Fortunately, antibiotics can now quickly kill the bacteria (germs) that cause leprosy, so the disease can be completely cured with a few months of treatment.  If this is started at an early stage, most patients need never suffer the terrible complications which used to be common.  Nerve damage does still occur in some patients, but it can often be reversed with other medical treatment.  When it cannot be reversed and the person remains with some disability, there are many different strategies of rehabilitation to help them live as normal a life as possible.


Leprosy is probably spread like the common cold, but is much less contagious than the cold, or influenza.  You really have to live for some years in an endemic area, where new cases of leprosy are continually being detected, to run the risk of catching it.


Leprosy remains endemic in poorer parts of the world.  Considering the impact of leprosy it is not only the numbers of new cases being detected and treated that has to be taken into account.  Many of those cured of the disease will have to live with the consequences of leprosy.  It is estimated that probably at least 3 million people are living with some permanent disability due to leprosy, although the exact figure is unknown.

Global statistics show that 95% of new leprosy cases were reported from 16 countries, and only 5% of new cases are from the rest of the world.  Pockets of high occurrence still remain in some areas of many countries but a few of these are only mentioned as reference:  Angola, Bangladesh, Brazil, China, Democratic Republic of Congo, Ethiopia, India, Indonesia, Madagascar, Mozambique, Myanmar, Nepal, Nigeria, Philippines, South Sudan, Sri Lanka, Sudan and the United Republic of Tanzania.  India is reported as having the highest incidence of Leprosy - 58% of the quarter million new cases in 2012.  134,752 new cases were detected in 2012-13.  On an average, every hour more than 15 new cases are diagnosed.  (newindianexpress.com – “India Accounts for 58 Percent of World’s Leprosy Cases).

Leprosy research was given a great boost when the genome of Mycobacterium Leprae was decoded.  This gives hope that more effective ways of managing the disease and its complications will be developed and that effective methods of prevention can be found.  In the meantime, efforts are being made everywhere to change attitudes, so that leprosy is seen as a disease like any other, treatable just as other diseases are.   


As a bacterial infection, leprosy can be very effectively treated with certain antibiotics; the bacillus can be easily killed.  If there has already been damage to the nerves, however, antibiotics alone will not restore function and other forms of treatment will be needed, including physiotherapy.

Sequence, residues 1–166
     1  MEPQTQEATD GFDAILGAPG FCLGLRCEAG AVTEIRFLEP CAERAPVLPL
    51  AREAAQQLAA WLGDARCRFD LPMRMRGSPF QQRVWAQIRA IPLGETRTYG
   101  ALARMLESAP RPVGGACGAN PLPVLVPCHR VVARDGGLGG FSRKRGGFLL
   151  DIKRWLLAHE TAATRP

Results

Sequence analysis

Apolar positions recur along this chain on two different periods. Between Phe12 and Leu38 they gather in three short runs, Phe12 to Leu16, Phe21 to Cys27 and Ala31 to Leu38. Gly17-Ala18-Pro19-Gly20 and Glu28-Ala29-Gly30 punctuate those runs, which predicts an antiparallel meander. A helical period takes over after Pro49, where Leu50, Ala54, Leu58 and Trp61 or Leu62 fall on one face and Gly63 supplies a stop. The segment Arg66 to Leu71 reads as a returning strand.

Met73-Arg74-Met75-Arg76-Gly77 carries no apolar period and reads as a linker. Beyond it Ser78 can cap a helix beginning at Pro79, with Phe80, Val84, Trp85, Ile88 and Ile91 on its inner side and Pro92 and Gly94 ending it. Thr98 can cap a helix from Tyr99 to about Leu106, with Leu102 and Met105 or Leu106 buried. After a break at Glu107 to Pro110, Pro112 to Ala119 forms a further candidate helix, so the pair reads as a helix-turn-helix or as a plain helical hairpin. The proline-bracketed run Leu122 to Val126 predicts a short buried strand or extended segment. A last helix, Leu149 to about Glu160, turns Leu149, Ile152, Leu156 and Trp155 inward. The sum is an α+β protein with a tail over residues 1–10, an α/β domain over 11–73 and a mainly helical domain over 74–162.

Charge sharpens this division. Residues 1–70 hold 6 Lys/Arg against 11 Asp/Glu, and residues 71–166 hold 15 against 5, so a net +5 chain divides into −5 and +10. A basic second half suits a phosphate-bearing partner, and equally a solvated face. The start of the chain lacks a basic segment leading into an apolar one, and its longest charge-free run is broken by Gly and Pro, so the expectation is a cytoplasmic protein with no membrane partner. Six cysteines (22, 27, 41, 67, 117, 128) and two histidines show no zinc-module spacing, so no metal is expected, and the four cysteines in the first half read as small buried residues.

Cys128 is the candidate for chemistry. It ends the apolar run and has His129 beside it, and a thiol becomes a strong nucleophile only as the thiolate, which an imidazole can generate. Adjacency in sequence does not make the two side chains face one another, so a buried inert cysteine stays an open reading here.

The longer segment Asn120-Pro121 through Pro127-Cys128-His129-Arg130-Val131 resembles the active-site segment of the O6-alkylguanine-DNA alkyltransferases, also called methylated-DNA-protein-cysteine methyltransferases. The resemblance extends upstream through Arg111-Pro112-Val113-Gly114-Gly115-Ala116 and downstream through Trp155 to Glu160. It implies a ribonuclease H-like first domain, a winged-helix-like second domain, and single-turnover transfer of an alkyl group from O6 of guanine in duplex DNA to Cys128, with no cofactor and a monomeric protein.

The first antibiotic to be widely used for leprosy was Dapsone, from around 1950 onwards.  Dapsone meant a major breakthrough for millions of patients, who, until then, had been considered incurable.  However, many patients still had to take the medicine for life.

In 1981, when resistance to Dapsone was becoming widespread, the WHO introduced Multi-Drug Therapy (MDT) which consisted of two regimens:  Rifampin and Dapsone for PB (Paucibacillary – five or fewer lesions with no bacteria from a sample skin smear) leprosy; and Rifampin, Clofazimine and Dapsone for MB (Multibacillary – more than five lesions or bacteria present in skin smear sample, or both) leprosy.  MDT has been remarkably successful:  there have been very few side effects associated with its use and over 13 million people have been cured of leprosy following its introduction.  

A useful and detailed review article of Leprosy Treatment is available.  See ILEP.org.uk titled, “Learning Guide One”.









For information please email us at: This email address is being protected from spambots. You need JavaScript enabled to view it.


  • Tim and Vanessa Ekno began working in Thailand in 1988 offering English courses and doing humanitarian aid.  After eight years in the remote hill tribe areas of north Thailand, they moved into Vietnam to continue their educational and humanitarian works.
  • In 1996, Tim and Vanessa Ekno founded American Educational Development as a tool for working in Vietnam.  AED is now used to assist in the development of educational and humanitarian programs throughout South Asia.  Presently, the Ekno’s (and AED) are working in India, attempting to help people suffering with Leprosy.  They work to make them feel accepted, cared for and respected by society.
  • The Ekno’s believe it important for the world to see compassion expressed in tangible ways to those who are in need.